Aug 20, 2013
"I hear in Luke Celenza a young gifted jazz musician who has the right inquisitive attitude and true potential to become one of the key players in the scene. He brings to the table a fresh sound and an uncommon restrained maturity in his music which I am sure will keep on delighting us for many years to come. ”- Michel Camilo
Those looking for the next wave of talented jazz musicians need not look further than the new CD by Luke Celenza. He only recently turned 21-years-old, and it has already been almost ten years since he was accepted into the Manhattan School of Music (MSM) Pre-College Jazz Division. Now at Julliard, he is a regular performer around the Manhattan jazz scene.
His debut CD, Back and Forth, is a showcase not just for his writing and playing, but his status as bandleader. He has surrounded himself with some of the top young players in the city, including bassist Joshua Twombley (listen to Terence Blanchard sing his praises in Podcast 359), drummer Jimmy Macbride and saxophonist Lucas Pino.
A protégé of Michel Camilo, Celenza writes and plays in a style not unlike his hero, Brad Mehldau, not bothering with academic exercises in time signature or chords, but concentrating on mood, sound and melody. He is currently working on a new CD that will follow Mehldau into the area of electronica.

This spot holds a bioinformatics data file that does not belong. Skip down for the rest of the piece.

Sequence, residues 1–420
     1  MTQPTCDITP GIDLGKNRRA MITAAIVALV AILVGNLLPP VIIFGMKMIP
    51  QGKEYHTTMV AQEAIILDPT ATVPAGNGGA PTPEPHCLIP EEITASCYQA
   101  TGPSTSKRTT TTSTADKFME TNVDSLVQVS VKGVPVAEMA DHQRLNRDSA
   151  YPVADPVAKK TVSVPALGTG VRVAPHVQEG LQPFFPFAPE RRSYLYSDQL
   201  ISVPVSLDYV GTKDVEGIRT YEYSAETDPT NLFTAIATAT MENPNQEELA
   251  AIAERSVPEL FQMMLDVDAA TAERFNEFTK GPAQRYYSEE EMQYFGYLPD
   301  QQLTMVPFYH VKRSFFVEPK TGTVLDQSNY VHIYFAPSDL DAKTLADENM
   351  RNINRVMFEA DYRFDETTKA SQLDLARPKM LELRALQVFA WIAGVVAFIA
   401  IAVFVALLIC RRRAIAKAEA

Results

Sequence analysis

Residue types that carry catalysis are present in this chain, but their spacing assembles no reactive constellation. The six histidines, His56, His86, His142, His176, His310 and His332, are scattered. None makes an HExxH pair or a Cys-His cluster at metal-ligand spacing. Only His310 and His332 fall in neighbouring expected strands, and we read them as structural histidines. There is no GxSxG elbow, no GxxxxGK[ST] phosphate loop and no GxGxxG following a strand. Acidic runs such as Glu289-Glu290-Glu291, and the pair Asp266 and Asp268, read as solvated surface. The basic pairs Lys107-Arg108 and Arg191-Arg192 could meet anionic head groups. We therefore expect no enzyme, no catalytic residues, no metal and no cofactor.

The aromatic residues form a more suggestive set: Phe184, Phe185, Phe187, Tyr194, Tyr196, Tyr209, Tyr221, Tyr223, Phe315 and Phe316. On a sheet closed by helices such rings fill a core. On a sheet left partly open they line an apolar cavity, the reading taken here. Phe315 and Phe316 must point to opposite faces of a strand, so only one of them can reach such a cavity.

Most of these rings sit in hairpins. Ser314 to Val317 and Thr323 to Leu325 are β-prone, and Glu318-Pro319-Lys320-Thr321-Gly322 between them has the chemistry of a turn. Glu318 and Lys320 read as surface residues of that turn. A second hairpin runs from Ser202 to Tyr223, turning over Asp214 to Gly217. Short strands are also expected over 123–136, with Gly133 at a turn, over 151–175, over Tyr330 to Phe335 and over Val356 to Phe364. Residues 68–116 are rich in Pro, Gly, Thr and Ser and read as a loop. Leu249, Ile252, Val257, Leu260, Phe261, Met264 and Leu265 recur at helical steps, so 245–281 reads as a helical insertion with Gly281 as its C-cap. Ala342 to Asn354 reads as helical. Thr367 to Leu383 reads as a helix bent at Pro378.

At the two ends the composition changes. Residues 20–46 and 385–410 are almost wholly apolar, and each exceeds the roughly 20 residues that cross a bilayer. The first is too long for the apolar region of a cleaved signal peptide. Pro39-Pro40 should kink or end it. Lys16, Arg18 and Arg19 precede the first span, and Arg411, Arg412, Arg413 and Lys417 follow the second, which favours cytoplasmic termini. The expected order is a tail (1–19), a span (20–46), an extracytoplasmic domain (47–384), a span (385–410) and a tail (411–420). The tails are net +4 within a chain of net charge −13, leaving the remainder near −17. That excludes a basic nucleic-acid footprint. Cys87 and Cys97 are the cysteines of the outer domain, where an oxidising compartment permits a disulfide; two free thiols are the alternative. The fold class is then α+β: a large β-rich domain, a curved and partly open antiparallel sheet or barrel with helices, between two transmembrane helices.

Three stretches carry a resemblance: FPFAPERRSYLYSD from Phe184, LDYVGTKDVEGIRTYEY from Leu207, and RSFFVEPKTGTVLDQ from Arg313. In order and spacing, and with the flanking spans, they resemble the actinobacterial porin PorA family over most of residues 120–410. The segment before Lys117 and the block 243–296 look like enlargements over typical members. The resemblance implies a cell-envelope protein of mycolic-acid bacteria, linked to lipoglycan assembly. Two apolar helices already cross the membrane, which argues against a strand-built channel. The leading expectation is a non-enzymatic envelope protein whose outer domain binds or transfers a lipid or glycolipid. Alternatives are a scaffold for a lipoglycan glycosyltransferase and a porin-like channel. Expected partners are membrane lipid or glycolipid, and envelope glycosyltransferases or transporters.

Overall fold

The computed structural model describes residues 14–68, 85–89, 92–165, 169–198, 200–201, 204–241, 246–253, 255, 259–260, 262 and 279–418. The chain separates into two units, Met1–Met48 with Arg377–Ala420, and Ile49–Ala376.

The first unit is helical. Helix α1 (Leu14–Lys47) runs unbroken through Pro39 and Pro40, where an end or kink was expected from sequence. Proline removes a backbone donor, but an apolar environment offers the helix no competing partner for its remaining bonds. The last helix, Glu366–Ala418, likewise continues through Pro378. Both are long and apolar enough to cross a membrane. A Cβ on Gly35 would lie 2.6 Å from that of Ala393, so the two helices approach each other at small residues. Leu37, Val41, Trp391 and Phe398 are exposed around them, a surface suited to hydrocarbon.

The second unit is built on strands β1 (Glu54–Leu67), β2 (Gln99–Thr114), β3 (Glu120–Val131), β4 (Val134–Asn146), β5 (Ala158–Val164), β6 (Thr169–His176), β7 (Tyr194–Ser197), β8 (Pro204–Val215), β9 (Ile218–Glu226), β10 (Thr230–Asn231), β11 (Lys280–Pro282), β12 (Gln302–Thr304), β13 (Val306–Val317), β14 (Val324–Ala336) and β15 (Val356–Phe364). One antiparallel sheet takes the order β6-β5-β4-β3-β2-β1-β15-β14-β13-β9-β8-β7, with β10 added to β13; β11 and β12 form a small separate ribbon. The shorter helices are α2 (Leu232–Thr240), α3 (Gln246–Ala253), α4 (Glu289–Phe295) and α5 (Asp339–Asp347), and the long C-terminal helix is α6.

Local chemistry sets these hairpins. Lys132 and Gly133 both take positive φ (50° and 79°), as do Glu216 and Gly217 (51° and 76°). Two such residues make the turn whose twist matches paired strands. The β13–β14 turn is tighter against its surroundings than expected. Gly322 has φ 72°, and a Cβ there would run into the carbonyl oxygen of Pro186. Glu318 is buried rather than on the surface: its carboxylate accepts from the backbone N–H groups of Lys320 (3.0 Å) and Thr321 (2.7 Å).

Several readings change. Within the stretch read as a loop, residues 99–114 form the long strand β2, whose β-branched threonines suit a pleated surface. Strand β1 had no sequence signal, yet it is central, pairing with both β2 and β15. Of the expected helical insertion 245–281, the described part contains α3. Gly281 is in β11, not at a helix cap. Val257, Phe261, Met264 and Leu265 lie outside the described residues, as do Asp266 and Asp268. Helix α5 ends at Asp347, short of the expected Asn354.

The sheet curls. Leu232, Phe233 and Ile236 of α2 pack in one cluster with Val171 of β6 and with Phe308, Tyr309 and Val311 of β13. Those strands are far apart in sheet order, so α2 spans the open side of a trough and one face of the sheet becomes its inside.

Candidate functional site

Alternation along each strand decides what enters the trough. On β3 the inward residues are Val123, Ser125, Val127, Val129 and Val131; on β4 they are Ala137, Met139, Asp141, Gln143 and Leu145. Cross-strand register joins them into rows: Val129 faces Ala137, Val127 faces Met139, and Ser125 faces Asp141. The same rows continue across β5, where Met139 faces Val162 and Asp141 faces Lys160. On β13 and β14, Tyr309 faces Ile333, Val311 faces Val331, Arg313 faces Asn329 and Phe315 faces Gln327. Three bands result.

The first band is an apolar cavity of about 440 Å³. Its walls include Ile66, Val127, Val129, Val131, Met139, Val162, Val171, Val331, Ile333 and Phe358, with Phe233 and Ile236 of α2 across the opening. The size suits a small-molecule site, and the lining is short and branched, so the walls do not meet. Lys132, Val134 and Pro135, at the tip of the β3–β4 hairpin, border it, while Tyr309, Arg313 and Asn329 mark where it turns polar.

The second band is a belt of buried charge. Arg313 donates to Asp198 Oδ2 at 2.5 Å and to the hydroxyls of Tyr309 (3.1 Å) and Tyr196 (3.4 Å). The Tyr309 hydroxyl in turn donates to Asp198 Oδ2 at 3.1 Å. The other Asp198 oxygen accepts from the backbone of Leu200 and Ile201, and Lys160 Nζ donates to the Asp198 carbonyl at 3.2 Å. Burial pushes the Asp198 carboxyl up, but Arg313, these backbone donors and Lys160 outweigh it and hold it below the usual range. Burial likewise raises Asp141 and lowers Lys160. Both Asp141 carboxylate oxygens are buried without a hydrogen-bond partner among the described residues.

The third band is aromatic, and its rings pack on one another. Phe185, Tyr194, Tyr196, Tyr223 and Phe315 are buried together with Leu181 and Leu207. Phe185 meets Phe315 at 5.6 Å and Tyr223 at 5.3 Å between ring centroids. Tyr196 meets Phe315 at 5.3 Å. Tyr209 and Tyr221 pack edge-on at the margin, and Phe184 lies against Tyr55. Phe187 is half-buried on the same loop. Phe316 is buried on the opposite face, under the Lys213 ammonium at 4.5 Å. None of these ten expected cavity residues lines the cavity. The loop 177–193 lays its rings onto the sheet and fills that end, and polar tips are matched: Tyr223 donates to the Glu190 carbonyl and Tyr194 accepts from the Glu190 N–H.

I spoke with Luke just after he returned from South America, and we talked about his creative process, what other students ask him about jazz, and his brother’s cooking show, for which he writes the scores. Listen to Podcast 370, which features musical selections such as:
Terence Blanchard – “Jacob’s Ladder” from Magnetic. Celenza is full of praise for his bassist and friend Twombley, who wrote this song for, and plays on, the latest Terence Blanchard album.
Luke Celenza – “River Rhodes” and “Mudslide” from Back and Forth. Two very different tunes from the debut CD, and two great stories of how they came to be.
Brad Mehldau – “Kurt Vibe” from Ode. A trio outing by this talented pianist, this time with bassist Larry Grenadier and drummer Jeff Ballard. Celenza thinks – as do many others – that Brad is the finest pianist in jazz today.